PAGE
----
Erika Hernandez is a Doctoral Candidate in Developmental Psychology at Virginia Tech, working with Dr. Julie Dunsmore. She is currently working on her dissertation, which is focused on intergenerational reminiscing in African American, Latinx, and Appalachian families. Her overall body of research has focused on the development of physical and emotional health, particularly for minority youth. Her work has been published in Developmental Psychology and Social Development. Erika is committed to the values of diversity and inclusion, and has been very involved in university and departmental initiatives at Virginia Tech, most notably in creating a mentorship program for underrepresented undergraduates in the Psychology department.
Members at Large
Dr. Margarita Azmitia is a professor of psychology at the University of California at Santa Cruz, immigrated to the U.S. from Guatemala. She received her BA and MA from the University of North Carolina-Greensboro and her PhD in Developmental Psychology from the Institute of Child Development at the University of Minnesota. She has served as an associate editor for Developmental Psychology and is a member of the UC Consortium on Adolescence Science. She researches the role of identity, close relationships, academic self-efficacy, and mental health in ethnic minority youth’s transition to and from college. Currently, she is investigating the educational and career pathways of Latinx and other ethnic minority emerging adults who are the first generation in their families to attend college and how the intersections between their gender, ethnic/race, social class, and sexual identities contour their everyday college experiences and career and life goals.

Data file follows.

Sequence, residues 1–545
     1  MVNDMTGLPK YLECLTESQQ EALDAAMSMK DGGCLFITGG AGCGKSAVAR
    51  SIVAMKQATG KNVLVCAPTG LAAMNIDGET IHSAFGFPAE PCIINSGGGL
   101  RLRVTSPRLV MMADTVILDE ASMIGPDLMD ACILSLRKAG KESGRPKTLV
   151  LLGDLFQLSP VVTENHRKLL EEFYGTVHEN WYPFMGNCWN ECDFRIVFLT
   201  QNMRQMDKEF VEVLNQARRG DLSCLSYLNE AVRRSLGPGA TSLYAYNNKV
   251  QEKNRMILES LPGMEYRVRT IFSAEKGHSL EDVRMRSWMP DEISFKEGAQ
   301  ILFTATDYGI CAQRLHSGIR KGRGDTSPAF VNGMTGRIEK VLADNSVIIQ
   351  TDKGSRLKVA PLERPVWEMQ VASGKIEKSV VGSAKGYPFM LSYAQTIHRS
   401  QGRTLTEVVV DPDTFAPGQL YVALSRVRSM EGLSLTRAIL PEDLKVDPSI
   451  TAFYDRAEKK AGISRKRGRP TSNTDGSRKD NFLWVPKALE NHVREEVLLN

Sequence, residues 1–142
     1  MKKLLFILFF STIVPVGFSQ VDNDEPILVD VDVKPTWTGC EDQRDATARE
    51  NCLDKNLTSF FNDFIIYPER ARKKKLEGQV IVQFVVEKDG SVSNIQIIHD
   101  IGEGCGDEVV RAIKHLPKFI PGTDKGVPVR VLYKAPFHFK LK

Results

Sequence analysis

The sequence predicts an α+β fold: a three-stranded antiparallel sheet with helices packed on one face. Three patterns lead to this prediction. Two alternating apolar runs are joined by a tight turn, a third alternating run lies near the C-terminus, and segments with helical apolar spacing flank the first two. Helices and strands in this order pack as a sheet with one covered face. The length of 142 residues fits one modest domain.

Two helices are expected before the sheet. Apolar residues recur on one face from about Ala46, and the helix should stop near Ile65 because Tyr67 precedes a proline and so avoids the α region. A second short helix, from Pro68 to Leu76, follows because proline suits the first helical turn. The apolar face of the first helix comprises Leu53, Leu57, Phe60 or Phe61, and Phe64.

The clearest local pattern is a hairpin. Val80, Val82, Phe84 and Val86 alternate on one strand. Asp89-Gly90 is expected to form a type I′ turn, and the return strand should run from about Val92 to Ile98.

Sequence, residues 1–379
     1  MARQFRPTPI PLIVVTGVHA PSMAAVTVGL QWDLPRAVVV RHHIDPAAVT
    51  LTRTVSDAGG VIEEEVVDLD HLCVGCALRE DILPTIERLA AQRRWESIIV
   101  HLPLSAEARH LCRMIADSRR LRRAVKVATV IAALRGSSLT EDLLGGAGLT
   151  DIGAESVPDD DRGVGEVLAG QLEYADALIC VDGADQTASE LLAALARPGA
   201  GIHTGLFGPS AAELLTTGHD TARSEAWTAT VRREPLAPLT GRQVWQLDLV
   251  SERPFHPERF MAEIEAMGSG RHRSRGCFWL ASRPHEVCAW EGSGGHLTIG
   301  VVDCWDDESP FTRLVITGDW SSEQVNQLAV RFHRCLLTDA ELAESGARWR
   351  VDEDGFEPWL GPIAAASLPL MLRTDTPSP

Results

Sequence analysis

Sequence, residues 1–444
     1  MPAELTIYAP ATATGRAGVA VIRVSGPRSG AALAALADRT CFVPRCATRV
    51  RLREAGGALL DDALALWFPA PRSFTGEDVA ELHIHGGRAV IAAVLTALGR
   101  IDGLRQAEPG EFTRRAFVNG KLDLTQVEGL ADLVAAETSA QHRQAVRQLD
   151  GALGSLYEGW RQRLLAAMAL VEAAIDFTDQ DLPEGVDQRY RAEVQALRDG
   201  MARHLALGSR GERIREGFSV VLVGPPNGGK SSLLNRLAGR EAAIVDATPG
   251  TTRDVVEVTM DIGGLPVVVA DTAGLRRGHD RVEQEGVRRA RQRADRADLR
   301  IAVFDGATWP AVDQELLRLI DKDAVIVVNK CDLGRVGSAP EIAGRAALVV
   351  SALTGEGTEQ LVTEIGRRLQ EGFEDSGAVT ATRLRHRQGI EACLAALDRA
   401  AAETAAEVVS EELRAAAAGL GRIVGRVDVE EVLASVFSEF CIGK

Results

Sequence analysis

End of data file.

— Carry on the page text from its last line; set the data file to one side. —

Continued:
Dr. Mayra Y. Bámaca-Colbert is an immigrant scholar with expertise in Latino youth and families. She is currently and Associate Professor in Human Development and Family Studies at The Pennsylvania State University. She received her PhD in Family Studies and Human Development from Arizona State University, a master’s degree in Human & Community Development from University of Illinois, Urbana-Champaign, and a Bachelor’s in Psychology from California State University, Northridge. Her research applies a cultural-contextual developmental framework to answer questions about adaptive parenting, cultural influences, and Latino youth adjustment. She is an Associate Editor for the Journal of Social and Personal Relationships and is a Guest Editor for a Special Issue in Developmental Psychology focused on Hidden Populations. She has also served on the editorial boards for Cultural Diversity & Ethnic Minority Psychology and the Journal of Latina/o Psychology. She has received funding for her research from the National Science Foundation, Ford Foundation, National Institute of Mental Health, National Institute of Drug Abuse, and the National Council on Family Relations. Her research has been published in a number of outlets including Developmental Psychology, Journal of Youth and Adolescence, Family Process, and Cultural Diversity and Ethnic Minority Psychology. She has been a member of the Society for Research in Child Development since she was an undergraduate and she was a junior mentor for the Society’s Millennium Scholars Program in 2005 and 2007. As a minority, immigrant scholar, her goal as Member at large is to assist the Latinx Caucus leadership and members to develop strategies and programs that can further promote the Caucus visibility at SRCD and in the field of Developmental Sciences and to foster an inclusive scholarship of Latino research that integrates views from scholars in the United States and from Latin America.